When something is considered taboo it is something that you dare not mention or bring up. A common response to you mentioning something that is taboo would be “Don’t speak of it!” When something is “taboo” everybody around knows that only a fool would bring up the taboo subject in a public setting. You don’t blurt out such subjects when you are in a crowded room. You don’t bring them up when you speak from the podium. You don’t mention these “taboo subjects” at a cocktail party. You only discuss them in the privacy of your home and in your bedroom with someone you trust.
In America, I realize that “race, racism, prejudice” are taboo subjects. Consider a quote from the website, www.tolerance.org: ” Students resist taboo topics — sexuality, religion, immigration, disability, race — because these “hot” social issues often lead to emotional outbursts and interpersonal conflict. Many parents and administrators also find it inappropriate for teachers to delve into controversial matters in the classroom.” The previous quote was in reference to college students. In essence, most people don’t want to deal with the emotional impact of such topics (religion, race, sexuality, etc.). Although that is the case, these issues impact our lives on a daily basis. Whatever is not talked out, I believe, eventually, gets acted out. It is up to us as a society, to constructively address these topics out in the open and not only when we are confronted by them. The idea of “If it ain’t broke, don’t fix it” cannot be applied in the subject of race because the issue is still “broken” in America, it was never fixed to a degree where we can reference it without it being an emotionally charged topic. It is still an unresolved conflict that begs to be resolved!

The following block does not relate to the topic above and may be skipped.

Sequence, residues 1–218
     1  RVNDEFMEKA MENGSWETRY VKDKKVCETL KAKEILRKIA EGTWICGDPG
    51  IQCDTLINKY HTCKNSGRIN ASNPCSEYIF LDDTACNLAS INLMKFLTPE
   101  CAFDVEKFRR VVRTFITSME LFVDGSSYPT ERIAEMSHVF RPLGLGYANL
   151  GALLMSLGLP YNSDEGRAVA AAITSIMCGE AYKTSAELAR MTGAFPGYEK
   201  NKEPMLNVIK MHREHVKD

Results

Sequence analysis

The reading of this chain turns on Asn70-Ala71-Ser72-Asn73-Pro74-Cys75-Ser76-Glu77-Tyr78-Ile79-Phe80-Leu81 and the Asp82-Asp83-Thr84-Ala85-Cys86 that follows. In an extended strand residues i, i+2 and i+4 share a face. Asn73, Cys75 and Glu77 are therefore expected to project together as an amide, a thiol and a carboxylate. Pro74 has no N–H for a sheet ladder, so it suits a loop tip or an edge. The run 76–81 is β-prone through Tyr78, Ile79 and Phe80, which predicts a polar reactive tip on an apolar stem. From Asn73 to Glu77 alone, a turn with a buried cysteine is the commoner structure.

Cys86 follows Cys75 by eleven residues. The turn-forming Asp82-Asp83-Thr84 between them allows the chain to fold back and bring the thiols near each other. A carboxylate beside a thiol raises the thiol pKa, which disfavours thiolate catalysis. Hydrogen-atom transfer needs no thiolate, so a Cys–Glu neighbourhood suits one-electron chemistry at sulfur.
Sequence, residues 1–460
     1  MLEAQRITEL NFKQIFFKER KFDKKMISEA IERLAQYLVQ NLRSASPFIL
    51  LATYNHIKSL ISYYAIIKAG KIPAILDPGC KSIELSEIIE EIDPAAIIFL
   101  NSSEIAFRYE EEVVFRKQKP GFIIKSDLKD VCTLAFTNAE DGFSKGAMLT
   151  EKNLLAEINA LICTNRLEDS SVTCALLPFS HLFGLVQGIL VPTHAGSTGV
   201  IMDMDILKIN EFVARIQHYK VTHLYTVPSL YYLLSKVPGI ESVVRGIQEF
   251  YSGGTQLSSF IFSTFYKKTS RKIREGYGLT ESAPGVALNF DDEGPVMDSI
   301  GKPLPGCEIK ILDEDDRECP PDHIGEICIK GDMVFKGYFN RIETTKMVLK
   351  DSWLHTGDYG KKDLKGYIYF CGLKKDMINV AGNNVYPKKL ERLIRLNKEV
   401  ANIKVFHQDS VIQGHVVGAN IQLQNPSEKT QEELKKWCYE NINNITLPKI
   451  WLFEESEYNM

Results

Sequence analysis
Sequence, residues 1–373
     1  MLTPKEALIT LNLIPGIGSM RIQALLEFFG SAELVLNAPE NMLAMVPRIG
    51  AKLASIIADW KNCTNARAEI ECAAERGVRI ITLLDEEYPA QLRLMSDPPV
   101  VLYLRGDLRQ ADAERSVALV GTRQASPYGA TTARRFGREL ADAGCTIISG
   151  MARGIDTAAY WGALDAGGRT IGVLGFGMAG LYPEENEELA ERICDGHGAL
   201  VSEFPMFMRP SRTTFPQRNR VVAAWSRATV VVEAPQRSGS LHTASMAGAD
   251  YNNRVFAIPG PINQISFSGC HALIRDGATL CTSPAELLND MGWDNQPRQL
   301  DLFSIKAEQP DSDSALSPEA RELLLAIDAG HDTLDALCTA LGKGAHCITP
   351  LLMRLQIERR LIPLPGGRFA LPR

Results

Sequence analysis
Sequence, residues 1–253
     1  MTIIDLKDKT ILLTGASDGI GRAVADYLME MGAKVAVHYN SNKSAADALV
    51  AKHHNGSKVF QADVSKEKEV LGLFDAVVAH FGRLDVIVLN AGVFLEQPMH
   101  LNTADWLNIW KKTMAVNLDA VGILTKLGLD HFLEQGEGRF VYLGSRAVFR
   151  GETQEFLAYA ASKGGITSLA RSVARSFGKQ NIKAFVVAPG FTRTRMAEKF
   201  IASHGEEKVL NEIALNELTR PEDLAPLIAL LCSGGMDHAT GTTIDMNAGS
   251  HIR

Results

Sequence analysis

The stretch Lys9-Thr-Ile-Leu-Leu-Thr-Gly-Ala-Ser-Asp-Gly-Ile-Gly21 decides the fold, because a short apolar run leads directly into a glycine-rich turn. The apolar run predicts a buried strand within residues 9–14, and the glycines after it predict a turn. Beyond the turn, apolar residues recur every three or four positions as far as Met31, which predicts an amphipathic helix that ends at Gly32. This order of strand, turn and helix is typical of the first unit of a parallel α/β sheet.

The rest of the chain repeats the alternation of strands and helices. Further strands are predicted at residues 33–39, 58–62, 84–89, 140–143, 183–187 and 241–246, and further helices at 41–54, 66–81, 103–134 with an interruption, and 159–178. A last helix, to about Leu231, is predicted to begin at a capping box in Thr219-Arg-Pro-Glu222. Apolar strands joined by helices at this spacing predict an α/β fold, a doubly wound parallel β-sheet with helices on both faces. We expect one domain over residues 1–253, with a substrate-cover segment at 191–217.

The subject of race and prejudice in America usually comes up when a victim of racism or prejudice wants some expression or justice in relation to what they have experienced. Then and only then do I see these things become almost acceptable to discuss openly. For example, race was discussed openly when we saw what happened to Rodney King in California. It was also discussed openly when we saw what happened to Trayvon Martin, Amadou Diallo, Sean Bell, Chavis Parker and a host of other young black men who were killed by the police or some form of security force. Other than these extremely publicized cases, it seems that the topic of race, racism and prejudice goes back on the shelf until needed again.